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Mobilising Ideas and Propaganda during the Second World War

Updated: Jan 8, 2019

Editorial Note: On 14-15 June 2018, the Second World War Research Group held its annual conference on the theme of ‘The Peoples’ War? The Second World War in Socio-Political Perspective.’ Over the coming weeks, we will be posting some recordings of various panels and short blog articles written by some of the conference’s presenters. In this post, we provide a recording of the panel on 'Mobilising Idea and Propaganda.'

Street scene in the front line town of Lauro. The little village is crowded with British and Italian soldiers, ambulances, and all the varied vehicles of war. (Source: © IWM (TR 1513))

The panel was chaired by Dr Ben Shepherd of Glasgow Caledonian University and consisted of the following presenters:

  • Dr Regina Kazyulina (Northeastern University), 'Gendered Expectations and Female Resistance Through the Lens of Soviet Leaflets';

  • Dr Kate Papari (University of Crete), 'Socio-political conflict and intellectuals’ propaganda during WWII; the paradigm of the Spiritual Recruitment in Greece';

  • Dr Nicolò Da Lio (Università degli Studi di Padova), 'Fascist Warfare on the Home Front: The Italian War Mobilisation as a Stratification of Boundaries, 1935-43.'


Dr Regina Kazyulina is a Lecturer in Soviet and Modern Russian History at Northeastern University, Boston, MA. Kazyulina holds a PhD from Northeastern University. Her research focuses on the lived experiences of Soviet women during the German occupation of Ukraine in World War Two. Specifically, Kazyulina considers the phenomenon of 'horizontal collaboration' and the way that the circumscribed choices of women were interpreted by neighbors and Soviet authorities in the wake of liberation. Originally from Kiev, Ukraine, Kazyulina is fluent in Russian and English. Her research has been supported by grants from the American Councils for International Education, the United States Holocaust Memorial Museum, and the Harry Frank Guggenheim Foundation. She has conducted extensive archival research in the United States, Russia, and Ukraine.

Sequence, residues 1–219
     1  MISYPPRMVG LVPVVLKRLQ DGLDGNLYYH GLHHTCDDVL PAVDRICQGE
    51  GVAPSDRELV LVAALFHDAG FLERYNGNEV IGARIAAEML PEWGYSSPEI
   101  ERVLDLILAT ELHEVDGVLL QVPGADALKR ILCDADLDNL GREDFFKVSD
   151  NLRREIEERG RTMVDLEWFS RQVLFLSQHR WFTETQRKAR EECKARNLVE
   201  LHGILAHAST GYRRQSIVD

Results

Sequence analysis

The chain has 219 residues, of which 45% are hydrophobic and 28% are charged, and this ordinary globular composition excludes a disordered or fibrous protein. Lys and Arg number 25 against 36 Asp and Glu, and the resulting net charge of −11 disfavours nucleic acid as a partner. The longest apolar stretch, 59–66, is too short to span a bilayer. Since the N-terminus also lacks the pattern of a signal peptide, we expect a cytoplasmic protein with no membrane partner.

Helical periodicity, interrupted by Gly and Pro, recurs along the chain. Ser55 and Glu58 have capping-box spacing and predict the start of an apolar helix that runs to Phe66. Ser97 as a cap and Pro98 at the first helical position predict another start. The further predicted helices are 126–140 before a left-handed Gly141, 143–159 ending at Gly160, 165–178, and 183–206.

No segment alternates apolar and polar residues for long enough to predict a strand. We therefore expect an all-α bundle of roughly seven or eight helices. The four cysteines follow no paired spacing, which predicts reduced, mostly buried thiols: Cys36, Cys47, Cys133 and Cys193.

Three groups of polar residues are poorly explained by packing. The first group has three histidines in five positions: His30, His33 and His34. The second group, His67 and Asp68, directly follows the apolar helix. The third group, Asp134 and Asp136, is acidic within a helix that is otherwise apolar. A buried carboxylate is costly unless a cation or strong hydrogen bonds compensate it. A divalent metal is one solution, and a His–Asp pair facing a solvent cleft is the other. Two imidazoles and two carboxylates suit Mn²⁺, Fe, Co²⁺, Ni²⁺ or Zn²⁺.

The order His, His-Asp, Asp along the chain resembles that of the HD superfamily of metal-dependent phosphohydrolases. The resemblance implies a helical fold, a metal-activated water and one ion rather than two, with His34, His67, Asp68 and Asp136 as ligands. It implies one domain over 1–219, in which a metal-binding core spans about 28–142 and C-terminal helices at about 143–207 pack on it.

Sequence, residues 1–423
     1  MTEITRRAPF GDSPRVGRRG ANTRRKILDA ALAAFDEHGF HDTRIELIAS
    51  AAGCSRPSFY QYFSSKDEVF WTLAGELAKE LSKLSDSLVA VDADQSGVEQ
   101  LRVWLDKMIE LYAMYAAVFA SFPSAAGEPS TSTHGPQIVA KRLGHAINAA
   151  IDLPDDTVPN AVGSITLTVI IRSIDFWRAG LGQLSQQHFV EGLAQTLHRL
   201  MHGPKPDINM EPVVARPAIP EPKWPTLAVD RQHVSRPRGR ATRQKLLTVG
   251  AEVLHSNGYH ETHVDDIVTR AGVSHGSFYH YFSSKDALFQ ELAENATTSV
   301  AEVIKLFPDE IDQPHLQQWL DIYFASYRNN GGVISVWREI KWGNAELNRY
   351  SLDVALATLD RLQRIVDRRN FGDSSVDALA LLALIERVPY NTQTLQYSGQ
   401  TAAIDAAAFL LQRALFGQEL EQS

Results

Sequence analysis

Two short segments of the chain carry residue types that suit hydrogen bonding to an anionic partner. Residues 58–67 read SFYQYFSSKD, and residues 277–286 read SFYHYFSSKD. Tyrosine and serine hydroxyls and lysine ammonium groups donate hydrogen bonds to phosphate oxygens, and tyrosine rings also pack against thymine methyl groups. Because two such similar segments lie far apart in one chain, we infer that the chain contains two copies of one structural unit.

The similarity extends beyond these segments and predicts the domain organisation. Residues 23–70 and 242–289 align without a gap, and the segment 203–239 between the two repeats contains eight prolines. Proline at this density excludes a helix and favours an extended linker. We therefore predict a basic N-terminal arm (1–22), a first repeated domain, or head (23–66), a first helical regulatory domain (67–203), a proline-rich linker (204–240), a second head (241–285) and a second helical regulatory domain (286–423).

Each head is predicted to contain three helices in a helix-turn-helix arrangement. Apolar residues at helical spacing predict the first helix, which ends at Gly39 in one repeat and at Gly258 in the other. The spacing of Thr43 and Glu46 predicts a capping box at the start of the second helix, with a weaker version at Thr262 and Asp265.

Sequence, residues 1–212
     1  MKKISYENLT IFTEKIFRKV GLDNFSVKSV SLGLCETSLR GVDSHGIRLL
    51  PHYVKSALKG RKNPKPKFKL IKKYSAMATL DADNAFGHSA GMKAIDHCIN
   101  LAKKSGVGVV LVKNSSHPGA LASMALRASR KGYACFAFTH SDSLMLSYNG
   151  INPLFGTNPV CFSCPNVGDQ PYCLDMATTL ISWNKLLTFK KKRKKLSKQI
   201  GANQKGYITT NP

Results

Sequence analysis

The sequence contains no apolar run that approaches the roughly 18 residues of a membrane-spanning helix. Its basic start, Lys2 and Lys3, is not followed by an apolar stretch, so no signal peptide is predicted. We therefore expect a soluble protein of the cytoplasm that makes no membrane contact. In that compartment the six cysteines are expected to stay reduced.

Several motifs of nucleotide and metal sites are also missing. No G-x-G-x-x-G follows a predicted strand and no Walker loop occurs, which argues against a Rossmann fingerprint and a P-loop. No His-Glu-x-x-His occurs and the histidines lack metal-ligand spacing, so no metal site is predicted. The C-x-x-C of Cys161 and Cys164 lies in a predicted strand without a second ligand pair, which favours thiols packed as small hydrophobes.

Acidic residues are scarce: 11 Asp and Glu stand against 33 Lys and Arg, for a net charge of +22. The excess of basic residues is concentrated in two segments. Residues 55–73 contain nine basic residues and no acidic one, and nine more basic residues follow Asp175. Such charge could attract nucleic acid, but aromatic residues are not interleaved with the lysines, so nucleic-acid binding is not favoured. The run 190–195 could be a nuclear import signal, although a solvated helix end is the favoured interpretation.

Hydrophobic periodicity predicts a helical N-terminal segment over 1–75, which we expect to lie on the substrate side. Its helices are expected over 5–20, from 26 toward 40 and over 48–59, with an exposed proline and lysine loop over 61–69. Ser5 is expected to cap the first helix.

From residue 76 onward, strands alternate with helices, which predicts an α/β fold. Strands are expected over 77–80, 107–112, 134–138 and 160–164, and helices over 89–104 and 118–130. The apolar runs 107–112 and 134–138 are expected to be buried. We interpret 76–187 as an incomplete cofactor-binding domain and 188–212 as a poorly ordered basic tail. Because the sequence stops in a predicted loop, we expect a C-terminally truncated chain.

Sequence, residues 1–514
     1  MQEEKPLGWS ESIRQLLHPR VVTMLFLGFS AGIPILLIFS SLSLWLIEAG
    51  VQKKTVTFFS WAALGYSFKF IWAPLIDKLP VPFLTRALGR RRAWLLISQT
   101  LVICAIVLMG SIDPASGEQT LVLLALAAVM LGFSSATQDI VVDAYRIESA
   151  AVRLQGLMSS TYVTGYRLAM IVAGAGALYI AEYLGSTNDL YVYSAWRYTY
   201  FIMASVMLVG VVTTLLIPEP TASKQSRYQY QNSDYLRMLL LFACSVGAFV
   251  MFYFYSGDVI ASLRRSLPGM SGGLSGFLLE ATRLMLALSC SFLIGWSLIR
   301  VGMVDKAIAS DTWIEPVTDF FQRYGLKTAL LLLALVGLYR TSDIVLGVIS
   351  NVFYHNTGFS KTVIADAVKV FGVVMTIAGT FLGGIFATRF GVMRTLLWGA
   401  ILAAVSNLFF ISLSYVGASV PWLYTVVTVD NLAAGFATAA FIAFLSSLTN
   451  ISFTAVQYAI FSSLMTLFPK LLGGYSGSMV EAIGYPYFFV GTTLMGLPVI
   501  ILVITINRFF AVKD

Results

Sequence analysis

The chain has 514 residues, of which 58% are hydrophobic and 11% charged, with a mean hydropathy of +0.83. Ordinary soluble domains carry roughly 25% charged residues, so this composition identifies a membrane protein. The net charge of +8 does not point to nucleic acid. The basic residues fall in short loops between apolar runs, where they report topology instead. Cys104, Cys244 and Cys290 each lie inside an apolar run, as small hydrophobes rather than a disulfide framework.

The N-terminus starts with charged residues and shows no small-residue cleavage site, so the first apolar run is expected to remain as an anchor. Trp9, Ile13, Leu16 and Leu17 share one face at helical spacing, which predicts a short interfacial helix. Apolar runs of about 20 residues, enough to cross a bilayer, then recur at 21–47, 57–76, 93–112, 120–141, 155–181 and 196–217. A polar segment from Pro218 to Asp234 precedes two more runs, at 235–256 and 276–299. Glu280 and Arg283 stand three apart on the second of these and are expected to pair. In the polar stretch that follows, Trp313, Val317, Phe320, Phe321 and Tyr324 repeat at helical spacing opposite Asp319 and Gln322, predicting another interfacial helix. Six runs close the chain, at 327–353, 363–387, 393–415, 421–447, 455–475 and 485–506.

Dr Kate Papari is a historian of intellectual history and Modern Greek history. She studied history in Greece (Aristotle University, Thessaloniki) and received her PhD in Modern History at the University of Athens (2016). She currently teaches Modern Greek history in Greece (University of Crete) and she has held a visiting fellowship in Berlin (Freie Universität) (2016). She currently participates in a funded history research program at the University of Peloponnese under the title ‘Transgressing National Boundaries; Philhellenism, Antiquity and the European Idea (1880-1930)’ and she is completing her postdoctoral research at the University of Athens concerning modern Greek intellectual history from 1950s to 1970s. She has recently published the book Greekness and Bourgeois Intellectuals in the Interwar period: The political program of Panagiotis Kanellopoulos, Ioannis Theodorakopoulos and Konstantinos Tsatsos (2016). She has also recently published in Historein, Istorika, History Research and Chronos. Her research interests focus on Modern Greek and European intellectual history, history of ideas, philosophy and theory of history.

Dr Nicolò Da Lio earned his BA and MA at the Università degli Studi di Padova, and his PhD at the Università degli Studi del Piemonte Orientale. His research interests are war and societies studies, Italian social and political history, and cultural history of the armed forces.

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